The United States reportedly is undergoing a mini-invasion by banks based elsewhere that generally avoided the disastrous boom-era loans and investments made by many U.S. financial institutions.
And Chinese banks are in a particularly strong position for U.S. growth, despite their limited name recognition.
For example, cash-rich Industrial & Commercial Bank of China made a three-year, $400 million loan to General Electric, its first from a Chinese lender.
"We like banks that have global aspirations and that can work with us in all markets," says Kathryn Cassidy, senior vice president and treasurer at GE.
Three of the largest Chinese banks have received approval from the Federal Reserve to open U.S. outposts since the financial crisis erupted: In addition to Commercial Bank of China, China Merchants Bank and China Construction Bank now have offices in Manhattan.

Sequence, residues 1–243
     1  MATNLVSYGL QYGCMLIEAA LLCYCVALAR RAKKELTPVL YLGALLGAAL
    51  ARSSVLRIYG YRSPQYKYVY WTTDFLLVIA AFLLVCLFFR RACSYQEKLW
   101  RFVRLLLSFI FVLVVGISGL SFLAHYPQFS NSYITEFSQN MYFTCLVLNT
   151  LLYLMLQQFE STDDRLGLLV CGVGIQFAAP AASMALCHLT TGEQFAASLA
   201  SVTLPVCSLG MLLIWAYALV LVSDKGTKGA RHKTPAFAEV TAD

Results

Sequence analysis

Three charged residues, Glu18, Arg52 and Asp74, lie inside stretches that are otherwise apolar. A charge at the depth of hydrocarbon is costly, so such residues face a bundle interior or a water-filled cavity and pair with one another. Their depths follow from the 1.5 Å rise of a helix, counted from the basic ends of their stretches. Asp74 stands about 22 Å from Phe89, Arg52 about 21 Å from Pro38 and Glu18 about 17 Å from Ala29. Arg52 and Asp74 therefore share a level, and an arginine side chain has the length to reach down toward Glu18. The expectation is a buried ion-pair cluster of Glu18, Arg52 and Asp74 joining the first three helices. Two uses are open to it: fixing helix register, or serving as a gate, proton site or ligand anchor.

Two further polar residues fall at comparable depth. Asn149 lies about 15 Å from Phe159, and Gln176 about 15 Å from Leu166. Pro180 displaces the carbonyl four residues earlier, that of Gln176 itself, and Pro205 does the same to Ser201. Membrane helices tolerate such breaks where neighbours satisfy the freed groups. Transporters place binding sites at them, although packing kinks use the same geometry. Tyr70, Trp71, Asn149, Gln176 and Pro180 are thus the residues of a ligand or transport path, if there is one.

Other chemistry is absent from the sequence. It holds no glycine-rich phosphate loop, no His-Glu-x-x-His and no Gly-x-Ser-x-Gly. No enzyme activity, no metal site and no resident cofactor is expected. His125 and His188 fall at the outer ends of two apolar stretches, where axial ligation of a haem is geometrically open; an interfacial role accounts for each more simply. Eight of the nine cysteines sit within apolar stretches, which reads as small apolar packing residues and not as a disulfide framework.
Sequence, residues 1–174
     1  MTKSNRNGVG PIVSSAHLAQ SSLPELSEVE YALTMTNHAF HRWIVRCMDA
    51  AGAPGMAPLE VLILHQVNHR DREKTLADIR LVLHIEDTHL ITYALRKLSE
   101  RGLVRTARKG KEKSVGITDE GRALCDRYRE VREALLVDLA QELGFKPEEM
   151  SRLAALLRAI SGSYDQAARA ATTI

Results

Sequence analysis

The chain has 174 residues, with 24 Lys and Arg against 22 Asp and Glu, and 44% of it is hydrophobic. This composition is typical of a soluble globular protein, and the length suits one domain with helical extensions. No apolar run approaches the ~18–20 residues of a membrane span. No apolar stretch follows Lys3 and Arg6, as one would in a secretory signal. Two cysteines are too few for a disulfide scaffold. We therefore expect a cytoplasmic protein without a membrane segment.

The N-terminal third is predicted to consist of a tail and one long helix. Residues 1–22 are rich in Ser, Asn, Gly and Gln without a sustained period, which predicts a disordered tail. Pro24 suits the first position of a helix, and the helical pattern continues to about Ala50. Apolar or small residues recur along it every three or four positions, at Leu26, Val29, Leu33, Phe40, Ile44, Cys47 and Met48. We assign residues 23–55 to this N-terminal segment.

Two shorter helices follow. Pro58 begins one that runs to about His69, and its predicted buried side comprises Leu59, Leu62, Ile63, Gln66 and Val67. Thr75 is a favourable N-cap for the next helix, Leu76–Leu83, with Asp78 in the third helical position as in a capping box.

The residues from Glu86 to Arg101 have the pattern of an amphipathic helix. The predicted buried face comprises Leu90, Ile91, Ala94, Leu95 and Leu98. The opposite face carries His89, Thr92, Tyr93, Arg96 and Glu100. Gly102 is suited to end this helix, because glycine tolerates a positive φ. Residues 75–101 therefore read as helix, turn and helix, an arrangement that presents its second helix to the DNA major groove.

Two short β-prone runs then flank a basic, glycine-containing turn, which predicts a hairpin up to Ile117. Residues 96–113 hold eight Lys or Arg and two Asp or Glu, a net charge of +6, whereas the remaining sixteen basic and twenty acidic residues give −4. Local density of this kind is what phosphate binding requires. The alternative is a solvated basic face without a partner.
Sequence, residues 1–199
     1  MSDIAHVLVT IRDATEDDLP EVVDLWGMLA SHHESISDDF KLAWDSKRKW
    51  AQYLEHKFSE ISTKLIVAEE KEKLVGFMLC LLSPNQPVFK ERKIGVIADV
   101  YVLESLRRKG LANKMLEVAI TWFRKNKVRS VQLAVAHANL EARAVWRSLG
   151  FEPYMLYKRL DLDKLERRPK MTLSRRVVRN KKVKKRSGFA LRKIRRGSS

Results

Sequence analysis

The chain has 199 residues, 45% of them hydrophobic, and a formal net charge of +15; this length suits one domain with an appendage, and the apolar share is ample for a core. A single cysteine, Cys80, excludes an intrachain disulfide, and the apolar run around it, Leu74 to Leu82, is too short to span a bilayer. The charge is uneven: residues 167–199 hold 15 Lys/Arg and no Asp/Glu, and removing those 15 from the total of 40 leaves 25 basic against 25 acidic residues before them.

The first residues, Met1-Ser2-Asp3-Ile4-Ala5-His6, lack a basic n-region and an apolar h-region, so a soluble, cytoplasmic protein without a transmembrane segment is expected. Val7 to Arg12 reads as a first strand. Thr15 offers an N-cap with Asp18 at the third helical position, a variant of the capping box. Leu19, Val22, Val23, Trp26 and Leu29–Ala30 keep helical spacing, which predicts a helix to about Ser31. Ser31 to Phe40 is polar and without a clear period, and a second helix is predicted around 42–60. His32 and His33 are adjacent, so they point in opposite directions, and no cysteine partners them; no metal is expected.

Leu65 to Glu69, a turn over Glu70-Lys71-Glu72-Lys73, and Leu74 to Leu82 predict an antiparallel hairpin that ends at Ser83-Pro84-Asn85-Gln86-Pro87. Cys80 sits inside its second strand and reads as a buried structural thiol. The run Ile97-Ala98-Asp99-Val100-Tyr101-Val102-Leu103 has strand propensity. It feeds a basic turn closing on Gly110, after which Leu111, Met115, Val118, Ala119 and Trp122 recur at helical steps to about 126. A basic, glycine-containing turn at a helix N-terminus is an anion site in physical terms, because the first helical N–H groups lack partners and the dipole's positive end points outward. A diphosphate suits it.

However, except for Bank of China, other banks aren't allowed by the Fed to gather deposits from retail customers or make acquisitions in the U.S. because of concerns about the Chinese government's bank supervision.
The willingness of China's major banks to extend credit, especially for corporate loans, stands in stark contrast to the reluctance of many U.S.-based banks to stick their necks out by extending new credit at a time when the economy is struggling, loan losses remain high and the specter of tougher government regulations and higher capital requirements is looming.
South Africa’s rand slumped after a report showed manufacturing growth in China slowed and the European Central Bank said the region’s banks may suffer more losses, damping demand for higher-yielding assets, Bloomberg Business Week reports.
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